- The Washington Times - Monday, May 28, 2018

They’re already six weeks behind the legal deadline and congressional budget writers are not much closer to getting a 2019 budget written, saying their colleagues are apathetic about the process.

House Budget Committee Chairman Steve Womack, Arkansas Republican, said he is still working on a 2019 budget resolution, but added that “we’re not there yet.”

“It’s always my intent that the budget committee’s going to produce a budget resolution, so we’re hard at it,” he said. “We’re doing our due diligence with our members, so there’ll be more to come on it later.”

But interest is so low that when Mr. Womack held a hearing to get input from his colleagues, only a single lawmaker came to testify. The chairman called that a “sobering illustration.”

Failing to approve a budget would be an embarrassment for the GOP, which routinely chided Democrats when they were in the majority for falling short on the goal.

Since gaining complete control of Congress in 2015, Republicans passed a budget that year, failed to pass one in 2016, and passed two budgets last year.

Rep. John Yarmuth, the top Democrat on the House Budget Committee, said it’s not happening this year.

“There is no process. The Senate’s not doing a budget,” he said. “The Senate said they’re not going to do one. Steve [Womack] doesn’t yet know whether they’re going to do one.”

Sen. Mike Enzi, Wyoming Republican and chairman of the upper chamber’s budget panel, said he is working on a plan, but said there’s less urgency after a spending bill earlier this year set overall funding levels for 2019, undercutting at least part of the reason to pass a budget.

And, he said, with the time until the August vacation measured in single-digit weeks, and competing pressures for floor time from presidential nominations, the beginning of the spending process and perhaps even a renewed immigration debate, it’s tough to see leaders dedicating space.

“It takes a week to do a budget on the floor, and we’re a little short on time, especially with all the nominations that they’re taking 30 hours apiece to get done,” he said. “I can be ready any time the leadership says that we need to do one.”

With no annual budget likely, lawmakers say the real action on budget matters this year is a special select committee established by Congress earlier this year to come up with a full overhaul of the budget process, trying to reinvigorate something that used to dominate months of congressional action.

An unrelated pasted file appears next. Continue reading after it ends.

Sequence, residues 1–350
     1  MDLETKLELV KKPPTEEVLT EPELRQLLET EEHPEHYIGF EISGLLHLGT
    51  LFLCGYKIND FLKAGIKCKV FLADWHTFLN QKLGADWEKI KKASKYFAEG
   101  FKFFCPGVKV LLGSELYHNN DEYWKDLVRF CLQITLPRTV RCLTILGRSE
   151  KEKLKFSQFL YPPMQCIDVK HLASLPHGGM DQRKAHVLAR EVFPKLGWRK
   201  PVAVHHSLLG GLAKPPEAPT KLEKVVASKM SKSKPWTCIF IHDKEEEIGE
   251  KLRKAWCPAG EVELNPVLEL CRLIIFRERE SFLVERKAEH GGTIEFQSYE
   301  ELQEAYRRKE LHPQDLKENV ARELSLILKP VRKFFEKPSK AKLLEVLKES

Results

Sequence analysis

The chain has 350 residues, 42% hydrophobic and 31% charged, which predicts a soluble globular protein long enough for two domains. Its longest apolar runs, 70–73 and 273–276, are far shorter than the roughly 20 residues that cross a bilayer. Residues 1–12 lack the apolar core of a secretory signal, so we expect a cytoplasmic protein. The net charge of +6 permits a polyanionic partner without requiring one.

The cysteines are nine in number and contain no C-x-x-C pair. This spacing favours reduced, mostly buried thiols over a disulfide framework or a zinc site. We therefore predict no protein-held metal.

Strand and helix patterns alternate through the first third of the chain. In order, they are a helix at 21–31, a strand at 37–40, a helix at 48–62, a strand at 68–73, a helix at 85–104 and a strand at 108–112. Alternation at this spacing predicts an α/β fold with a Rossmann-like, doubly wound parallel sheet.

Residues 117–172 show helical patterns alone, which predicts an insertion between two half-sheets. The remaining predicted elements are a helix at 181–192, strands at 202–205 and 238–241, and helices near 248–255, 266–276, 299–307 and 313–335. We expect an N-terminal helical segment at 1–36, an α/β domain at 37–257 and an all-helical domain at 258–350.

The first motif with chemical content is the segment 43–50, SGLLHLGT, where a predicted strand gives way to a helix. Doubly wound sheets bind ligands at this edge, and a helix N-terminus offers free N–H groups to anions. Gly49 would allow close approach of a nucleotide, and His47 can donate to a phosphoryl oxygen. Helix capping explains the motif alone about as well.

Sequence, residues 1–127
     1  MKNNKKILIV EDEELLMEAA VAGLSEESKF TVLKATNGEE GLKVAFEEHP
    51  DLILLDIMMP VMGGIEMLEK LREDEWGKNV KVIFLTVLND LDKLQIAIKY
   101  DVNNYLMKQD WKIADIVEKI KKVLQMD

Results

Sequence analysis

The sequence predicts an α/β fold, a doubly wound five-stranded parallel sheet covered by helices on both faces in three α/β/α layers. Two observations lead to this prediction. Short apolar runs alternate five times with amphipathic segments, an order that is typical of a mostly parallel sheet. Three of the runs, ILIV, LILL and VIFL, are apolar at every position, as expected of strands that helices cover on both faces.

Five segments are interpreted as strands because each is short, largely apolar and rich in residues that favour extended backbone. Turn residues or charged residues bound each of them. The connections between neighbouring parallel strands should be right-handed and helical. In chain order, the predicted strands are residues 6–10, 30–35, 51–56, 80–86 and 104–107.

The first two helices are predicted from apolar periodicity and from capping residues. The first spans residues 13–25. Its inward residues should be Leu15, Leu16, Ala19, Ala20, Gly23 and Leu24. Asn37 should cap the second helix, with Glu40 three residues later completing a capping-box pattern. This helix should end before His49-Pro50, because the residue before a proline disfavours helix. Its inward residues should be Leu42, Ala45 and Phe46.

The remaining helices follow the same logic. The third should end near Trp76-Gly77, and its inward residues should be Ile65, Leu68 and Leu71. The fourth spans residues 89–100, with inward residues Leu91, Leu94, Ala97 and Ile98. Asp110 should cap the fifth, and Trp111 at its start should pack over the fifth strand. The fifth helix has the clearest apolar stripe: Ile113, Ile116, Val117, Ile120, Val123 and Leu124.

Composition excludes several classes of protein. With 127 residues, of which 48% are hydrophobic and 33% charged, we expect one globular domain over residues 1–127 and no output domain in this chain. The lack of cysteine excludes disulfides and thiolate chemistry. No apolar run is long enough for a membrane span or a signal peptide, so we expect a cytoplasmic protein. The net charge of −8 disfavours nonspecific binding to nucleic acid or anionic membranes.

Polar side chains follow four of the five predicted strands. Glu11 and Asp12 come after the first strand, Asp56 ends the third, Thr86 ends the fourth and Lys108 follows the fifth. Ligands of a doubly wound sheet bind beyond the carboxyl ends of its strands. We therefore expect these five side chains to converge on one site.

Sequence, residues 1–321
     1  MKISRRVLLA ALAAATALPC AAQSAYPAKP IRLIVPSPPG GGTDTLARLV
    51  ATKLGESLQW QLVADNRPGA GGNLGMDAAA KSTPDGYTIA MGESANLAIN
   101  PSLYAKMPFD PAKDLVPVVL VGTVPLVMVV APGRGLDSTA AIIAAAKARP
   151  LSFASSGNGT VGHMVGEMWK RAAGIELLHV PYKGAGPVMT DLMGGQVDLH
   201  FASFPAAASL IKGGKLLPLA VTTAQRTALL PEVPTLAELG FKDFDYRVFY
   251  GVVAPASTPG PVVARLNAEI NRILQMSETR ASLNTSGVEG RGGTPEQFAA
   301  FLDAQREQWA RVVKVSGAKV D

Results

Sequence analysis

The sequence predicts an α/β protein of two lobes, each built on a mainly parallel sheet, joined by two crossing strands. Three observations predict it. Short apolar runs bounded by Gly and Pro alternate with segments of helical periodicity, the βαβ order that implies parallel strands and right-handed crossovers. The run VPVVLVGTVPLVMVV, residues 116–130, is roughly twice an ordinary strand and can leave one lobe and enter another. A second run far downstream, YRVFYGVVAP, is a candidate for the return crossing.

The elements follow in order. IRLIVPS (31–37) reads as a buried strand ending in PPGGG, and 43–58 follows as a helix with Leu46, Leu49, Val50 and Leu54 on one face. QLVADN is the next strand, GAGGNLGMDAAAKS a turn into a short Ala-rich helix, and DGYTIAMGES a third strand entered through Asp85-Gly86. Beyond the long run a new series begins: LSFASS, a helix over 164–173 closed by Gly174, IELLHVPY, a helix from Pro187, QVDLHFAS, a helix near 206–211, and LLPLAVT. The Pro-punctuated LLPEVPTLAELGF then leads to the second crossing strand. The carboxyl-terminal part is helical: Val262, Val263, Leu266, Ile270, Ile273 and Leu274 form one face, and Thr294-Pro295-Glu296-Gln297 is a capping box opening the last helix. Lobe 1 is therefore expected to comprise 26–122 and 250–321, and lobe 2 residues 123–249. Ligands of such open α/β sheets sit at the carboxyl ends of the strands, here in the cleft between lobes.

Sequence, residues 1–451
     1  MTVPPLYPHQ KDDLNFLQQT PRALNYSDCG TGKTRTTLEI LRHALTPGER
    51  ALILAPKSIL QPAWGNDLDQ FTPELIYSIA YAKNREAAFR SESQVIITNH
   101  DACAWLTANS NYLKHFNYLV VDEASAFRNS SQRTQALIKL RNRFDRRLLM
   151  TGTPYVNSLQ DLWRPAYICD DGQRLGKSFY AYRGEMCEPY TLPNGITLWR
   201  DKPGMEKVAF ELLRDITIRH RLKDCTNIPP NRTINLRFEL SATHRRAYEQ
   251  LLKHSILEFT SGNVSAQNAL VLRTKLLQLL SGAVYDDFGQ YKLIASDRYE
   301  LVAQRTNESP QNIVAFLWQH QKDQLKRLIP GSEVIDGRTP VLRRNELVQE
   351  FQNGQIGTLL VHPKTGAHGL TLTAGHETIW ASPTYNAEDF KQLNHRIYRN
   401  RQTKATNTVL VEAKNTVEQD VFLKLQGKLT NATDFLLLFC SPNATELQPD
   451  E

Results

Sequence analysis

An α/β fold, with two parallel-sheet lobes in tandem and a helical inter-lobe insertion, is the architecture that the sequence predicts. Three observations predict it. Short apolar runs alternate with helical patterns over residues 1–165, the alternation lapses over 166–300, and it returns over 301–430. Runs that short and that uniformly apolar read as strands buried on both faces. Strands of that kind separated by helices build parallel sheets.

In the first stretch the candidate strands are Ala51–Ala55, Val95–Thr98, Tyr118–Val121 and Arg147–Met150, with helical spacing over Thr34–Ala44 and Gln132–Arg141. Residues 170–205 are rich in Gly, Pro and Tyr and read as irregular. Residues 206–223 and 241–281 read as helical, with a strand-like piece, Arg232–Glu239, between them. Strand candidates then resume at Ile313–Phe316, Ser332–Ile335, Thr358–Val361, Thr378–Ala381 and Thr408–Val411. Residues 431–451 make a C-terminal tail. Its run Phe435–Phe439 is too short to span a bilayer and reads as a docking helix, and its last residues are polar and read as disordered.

The 1974 Congressional Budget Act says Congress is supposed to pass a budget blueprint by April 15 every year to give appropriators time to fill in the non-binding spending levels before the start of the fiscal year on Oct. 1.

But Congress hasn’t met that deadline in 15 years, and there’s no real penalty for blowing beyond it.

Where problems do arise is if the spending bills don’t get done on time.

After last year’s cycle of shutdown showdowns — and two actual partial shutdowns — lawmakers have gotten a relatively early start on the spending bills, without waiting for a budget.

Members of the select committee say they’re optimistic they can come up with tangible changes to recommend before the end of the year.

“I think something positive’s going to come out of it — I’m pretty optimistic,” Mr. Yarmuth said.

The most popular bipartisan suggestions so far include ideas like moving the budget calendar back so the fiscal year begins Jan. 1 — currently it begins three months earlier, on Oct. 1.

It used to begin July 1, just like many states and municipalities, but in the 1970s lawmakers decided if they moved it back three months they’d be more likely to finish. That hasn’t happened.

Rep. Rob Woodall described the calendar changes as “low-hanging fruit,” but said he’s encouraged lawmakers can go deeper. He declined, however, to get more specific, saying they’re looking at everything.

“I don’t want to be the one who sinks that amazing reform because I outed it too soon,” the Georgia Republican said.

Other committee members are tempering their expectations, but say it’s not the panel’s job to instantly solve broader questions on how to actually rein in federal debt and deficits long-term.

“If all this committee did was get us on a path towards the regular order that would be a tremendous accomplishment,” said Sen. Brian Schatz, Hawaii Democrat. “We don’t have to fix the country at this table in the next six months. We should just get ourselves on a path to do so.”


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